What the Marines will be doing in Darwin has not yet been adequately described, though fingers are, of course, being pointed towards China, which has become more assertive in the seas near their coast. China has had what we would diplomatically call “incidents” with both Japanese and Vietnamese ships in the South China Sea in the past two years; it's likely not a coincidence that these incidents have occurred as each country explores the seabed for oil and natural gas deposits. And then there is the launch earlier this year of China's first aircraft carrier. Frankly, I have a hard time getting that worked up about a second-hand, Soviet-era boat from Ukraine, but others point to the ship, and China's renaming it the Shi Lang after the Chinese admiral who conquered Taiwan, as subtle signs of their aggressive intentions in the region.
On one hand, it is hard to see China actually going to war with any of its neighbors. China seems to have learned the lesson from the Soviet Union that trying to build and maintain an empire through military force is a sure route to bankruptcy. Instead, China has followed the post-Soviet model laid down by Russia of trying to dominate countries through economics, either as suppliers of raw materials or consumers of your goods. In that respect, war would be bad for business, and it's worth noting that China and Australia do a lot of business together. But on the other hand, there's demographics. Thanks to China's “one child” policy and cultural preference for boys, the male-female ratio is seriously out of whack, one statistic I have seen puts it at 88 women for every 100 men (typically the ratios are near 50/50 with a slight lean towards women). Historically, societies with male/female ratios of this scale have been far more likely to go to war, since war gives unattached males something to do.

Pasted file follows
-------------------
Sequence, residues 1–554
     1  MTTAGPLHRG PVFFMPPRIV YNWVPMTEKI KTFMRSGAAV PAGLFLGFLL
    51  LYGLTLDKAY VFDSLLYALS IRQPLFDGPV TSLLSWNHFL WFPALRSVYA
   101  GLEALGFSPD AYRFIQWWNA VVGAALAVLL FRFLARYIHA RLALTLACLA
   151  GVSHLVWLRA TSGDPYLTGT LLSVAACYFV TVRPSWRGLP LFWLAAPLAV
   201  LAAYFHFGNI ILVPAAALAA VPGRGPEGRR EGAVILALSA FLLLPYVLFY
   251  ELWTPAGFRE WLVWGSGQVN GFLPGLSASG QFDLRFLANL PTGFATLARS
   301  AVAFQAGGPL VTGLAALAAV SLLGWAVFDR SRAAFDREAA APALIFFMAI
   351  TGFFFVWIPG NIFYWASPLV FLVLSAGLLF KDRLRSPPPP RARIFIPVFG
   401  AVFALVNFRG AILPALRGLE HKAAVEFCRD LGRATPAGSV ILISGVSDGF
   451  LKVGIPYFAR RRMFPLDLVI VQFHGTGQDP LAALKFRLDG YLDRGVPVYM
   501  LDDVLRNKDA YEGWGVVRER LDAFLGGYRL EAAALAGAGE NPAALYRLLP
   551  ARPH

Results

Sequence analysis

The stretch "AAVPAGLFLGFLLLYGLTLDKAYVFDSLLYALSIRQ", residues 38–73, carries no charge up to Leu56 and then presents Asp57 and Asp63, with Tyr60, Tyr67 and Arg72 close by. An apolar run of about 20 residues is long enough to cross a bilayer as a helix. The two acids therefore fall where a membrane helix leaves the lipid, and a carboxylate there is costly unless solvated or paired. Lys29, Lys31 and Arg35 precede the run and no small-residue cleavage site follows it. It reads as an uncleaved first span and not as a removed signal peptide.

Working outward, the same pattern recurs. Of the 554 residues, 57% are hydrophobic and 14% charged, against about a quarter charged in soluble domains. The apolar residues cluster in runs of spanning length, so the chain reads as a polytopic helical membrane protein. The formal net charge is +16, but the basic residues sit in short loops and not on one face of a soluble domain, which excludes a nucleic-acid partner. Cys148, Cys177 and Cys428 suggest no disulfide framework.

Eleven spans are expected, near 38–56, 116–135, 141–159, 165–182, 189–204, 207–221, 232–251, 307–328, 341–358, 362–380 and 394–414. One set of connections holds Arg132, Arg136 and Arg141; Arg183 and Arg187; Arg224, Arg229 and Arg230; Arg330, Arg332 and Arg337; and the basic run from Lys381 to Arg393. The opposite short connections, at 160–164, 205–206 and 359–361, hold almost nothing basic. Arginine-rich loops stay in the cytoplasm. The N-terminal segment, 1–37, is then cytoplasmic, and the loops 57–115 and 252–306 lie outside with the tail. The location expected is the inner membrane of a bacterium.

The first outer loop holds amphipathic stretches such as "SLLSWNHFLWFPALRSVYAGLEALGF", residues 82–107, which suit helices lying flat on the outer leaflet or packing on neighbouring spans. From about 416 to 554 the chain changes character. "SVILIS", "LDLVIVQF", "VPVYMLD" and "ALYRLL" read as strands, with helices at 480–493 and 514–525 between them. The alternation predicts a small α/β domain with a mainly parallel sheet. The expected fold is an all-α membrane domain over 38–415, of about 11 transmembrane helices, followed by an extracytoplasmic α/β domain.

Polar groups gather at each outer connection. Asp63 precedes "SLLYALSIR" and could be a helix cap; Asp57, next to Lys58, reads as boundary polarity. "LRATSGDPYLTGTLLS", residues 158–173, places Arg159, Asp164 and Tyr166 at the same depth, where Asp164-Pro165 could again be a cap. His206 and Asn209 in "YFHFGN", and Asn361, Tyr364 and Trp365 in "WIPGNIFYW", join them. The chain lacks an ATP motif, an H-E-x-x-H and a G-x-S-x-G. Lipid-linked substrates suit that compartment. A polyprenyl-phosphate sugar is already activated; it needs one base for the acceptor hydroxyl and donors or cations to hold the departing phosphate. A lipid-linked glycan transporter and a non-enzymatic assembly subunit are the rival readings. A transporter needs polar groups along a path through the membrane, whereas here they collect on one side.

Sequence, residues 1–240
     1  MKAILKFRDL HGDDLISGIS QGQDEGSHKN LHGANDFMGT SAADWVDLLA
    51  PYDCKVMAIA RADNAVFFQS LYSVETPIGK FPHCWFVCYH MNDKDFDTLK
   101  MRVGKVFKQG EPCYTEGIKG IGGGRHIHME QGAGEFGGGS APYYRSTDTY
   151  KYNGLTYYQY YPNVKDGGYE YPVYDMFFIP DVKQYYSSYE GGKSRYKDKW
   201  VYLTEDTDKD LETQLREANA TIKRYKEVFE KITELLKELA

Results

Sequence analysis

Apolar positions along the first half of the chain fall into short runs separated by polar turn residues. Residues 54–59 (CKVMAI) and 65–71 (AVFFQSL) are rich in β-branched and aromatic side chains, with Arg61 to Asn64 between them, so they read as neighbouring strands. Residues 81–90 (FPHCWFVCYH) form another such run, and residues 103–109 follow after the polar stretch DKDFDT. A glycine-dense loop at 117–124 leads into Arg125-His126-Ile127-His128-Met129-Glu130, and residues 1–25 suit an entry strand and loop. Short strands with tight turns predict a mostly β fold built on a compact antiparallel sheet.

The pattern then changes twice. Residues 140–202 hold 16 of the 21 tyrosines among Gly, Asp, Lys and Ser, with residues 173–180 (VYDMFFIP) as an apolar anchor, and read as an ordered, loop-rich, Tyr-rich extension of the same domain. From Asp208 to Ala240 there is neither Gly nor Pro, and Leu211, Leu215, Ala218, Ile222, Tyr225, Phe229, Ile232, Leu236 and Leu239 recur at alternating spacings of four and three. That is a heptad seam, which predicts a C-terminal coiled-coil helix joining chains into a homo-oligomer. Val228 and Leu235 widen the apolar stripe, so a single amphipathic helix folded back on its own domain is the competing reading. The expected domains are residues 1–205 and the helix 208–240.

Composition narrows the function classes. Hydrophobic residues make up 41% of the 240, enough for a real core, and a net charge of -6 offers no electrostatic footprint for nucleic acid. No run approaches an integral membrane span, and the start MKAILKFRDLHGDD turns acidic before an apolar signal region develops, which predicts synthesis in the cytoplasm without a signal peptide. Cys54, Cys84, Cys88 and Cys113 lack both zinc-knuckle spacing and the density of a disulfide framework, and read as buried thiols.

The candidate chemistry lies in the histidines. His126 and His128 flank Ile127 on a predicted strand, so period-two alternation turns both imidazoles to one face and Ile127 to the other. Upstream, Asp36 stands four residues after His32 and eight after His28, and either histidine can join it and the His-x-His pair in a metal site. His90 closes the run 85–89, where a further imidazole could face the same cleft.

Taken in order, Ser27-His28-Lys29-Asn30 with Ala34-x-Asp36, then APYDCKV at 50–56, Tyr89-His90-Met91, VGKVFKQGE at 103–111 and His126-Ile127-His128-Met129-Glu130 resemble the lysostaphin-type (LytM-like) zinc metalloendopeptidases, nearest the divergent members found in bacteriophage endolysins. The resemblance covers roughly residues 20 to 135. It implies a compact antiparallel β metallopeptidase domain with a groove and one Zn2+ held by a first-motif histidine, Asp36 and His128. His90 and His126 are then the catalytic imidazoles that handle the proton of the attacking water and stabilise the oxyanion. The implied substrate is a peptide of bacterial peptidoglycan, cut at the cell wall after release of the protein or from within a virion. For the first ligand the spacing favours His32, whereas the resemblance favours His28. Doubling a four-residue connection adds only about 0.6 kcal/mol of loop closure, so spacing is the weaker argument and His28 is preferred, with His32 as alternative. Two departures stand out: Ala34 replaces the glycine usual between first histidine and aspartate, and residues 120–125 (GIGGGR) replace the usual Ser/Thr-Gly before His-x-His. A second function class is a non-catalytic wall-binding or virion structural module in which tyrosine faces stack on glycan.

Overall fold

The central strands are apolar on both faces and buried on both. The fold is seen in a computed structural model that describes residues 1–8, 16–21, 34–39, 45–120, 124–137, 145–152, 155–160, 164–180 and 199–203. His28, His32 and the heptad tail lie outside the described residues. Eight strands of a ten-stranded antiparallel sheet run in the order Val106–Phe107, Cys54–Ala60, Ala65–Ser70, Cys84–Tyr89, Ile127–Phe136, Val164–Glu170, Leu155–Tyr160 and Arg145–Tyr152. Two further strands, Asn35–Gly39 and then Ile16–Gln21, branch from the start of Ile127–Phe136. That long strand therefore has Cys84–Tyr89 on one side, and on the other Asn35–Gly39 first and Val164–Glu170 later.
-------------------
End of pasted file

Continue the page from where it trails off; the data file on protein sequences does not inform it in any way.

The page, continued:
And there's always the modern American policy fallback position of anti-terror operations. The Obama Administration has quietly, though aggressively, stepped up anti-terror operations by drone aircraft and US special forces around the globe, for example places like Ethiopia and the Seychelles are now bases for US drones, while military advisers were recently sent to Uganda. Marines in Darwin would be ideally based to carry out operations in Indonesia, the world's largest (by population) Muslim nation and one that is not unfamiliar with Islamic extremism.
If nothing else, the basing of US Marines in Darwin will help to strengthen ties between the US and Australia, a nation that in recent years has been increasingly seeing itself more and more as part of Asia.